Bidirectional transport of amino acids regulates mTOR and autophagy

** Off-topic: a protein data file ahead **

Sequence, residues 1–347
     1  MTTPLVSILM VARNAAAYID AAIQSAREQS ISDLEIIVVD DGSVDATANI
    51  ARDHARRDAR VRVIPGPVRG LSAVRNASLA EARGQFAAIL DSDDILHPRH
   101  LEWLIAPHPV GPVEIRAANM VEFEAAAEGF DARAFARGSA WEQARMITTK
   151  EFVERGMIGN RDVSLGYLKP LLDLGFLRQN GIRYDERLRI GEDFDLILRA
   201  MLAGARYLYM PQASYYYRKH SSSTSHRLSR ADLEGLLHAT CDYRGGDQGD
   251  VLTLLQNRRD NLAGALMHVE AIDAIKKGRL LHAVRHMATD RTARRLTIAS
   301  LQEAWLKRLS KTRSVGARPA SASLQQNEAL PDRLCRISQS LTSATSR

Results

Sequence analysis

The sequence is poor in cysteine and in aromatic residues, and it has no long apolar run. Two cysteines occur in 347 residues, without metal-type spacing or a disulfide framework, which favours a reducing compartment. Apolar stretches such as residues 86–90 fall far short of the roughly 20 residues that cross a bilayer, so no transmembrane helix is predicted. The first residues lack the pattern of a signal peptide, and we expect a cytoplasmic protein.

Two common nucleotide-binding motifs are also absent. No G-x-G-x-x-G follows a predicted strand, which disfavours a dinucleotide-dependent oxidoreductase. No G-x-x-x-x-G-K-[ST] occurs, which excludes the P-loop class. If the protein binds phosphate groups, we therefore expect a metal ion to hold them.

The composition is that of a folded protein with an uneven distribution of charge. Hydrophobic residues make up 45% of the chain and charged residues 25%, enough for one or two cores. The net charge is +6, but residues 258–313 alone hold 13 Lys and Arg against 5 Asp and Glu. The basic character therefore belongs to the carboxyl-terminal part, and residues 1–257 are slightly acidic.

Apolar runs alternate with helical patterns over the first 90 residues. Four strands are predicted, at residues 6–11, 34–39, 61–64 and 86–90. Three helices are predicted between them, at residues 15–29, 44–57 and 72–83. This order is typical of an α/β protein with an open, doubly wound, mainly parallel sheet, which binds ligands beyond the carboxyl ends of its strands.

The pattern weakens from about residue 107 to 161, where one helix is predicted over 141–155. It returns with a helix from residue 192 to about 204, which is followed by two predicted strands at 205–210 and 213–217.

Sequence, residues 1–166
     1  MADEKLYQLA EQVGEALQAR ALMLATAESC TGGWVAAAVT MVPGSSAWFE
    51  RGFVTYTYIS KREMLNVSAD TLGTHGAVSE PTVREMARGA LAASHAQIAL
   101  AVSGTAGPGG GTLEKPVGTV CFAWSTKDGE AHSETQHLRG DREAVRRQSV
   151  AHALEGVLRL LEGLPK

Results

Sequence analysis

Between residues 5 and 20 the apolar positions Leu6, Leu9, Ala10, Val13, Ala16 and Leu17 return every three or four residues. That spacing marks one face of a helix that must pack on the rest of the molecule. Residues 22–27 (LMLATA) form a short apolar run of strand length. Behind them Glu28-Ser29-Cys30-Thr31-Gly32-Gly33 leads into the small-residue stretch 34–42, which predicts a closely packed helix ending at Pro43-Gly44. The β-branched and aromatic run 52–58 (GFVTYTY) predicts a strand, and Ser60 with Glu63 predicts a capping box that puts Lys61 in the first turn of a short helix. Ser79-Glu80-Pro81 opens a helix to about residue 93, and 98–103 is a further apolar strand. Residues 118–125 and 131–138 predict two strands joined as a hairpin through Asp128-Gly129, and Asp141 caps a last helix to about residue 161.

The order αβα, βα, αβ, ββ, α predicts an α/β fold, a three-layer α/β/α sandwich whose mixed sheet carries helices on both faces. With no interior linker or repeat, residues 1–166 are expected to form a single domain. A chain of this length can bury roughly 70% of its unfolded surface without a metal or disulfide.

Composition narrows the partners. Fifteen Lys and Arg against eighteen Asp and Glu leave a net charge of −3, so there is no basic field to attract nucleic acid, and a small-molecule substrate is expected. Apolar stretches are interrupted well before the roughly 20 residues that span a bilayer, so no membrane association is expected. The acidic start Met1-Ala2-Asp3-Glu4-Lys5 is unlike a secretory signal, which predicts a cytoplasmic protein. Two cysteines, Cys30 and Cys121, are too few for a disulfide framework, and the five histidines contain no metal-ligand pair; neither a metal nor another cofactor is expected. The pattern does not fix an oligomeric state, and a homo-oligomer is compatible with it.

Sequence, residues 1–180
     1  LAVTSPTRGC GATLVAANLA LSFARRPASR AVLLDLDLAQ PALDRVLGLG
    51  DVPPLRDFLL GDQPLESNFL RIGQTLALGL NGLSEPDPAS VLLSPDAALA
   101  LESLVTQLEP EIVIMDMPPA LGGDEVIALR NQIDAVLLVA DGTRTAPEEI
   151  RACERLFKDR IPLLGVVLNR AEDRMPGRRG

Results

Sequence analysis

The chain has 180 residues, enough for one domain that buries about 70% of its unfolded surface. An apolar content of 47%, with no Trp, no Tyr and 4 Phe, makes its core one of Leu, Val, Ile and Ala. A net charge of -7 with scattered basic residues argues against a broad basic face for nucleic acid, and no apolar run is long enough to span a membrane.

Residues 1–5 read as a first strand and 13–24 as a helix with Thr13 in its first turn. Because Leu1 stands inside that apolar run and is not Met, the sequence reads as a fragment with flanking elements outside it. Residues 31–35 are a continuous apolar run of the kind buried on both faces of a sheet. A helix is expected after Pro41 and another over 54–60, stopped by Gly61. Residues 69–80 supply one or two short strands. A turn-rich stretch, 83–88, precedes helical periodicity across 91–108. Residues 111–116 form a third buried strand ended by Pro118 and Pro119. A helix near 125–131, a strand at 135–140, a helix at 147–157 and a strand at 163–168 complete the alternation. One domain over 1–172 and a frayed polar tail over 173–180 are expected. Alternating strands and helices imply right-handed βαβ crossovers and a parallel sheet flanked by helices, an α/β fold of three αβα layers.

Amino acids are required for activation of the mammalian target of rapamycin (mTOR) kinase which regulates protein translation, cell growth, and autophagy. Cell surface transporters that allow amino acids to enter the cell and signal to mTOR are unknown. We show that cellular uptake of L-glutamine and its subsequent rapid efflux in the presence of essential amino acids (EAA) is the rate-limiting step that activates mTOR. L-glutamine uptake is regulated by SLC1A5 and loss of SLC1A5 function inhibits cell growth and activates autophagy. The molecular basis for L-glutamine sensitivity is due to SLC7A5/SLC3A2, a bidirectional transporter that regulates the simultaneous efflux of L-glutamine out of cells and transport of L-leucine/EAA into cells. Certain tumor cell lines with high basal cellular levels of L-glutamine bypass the need for L-glutamine uptake and are primed for mTOR activation. Thus, L-glutamine flux regulates mTOR, translation and autophagy to coordinate cell growth and proliferation.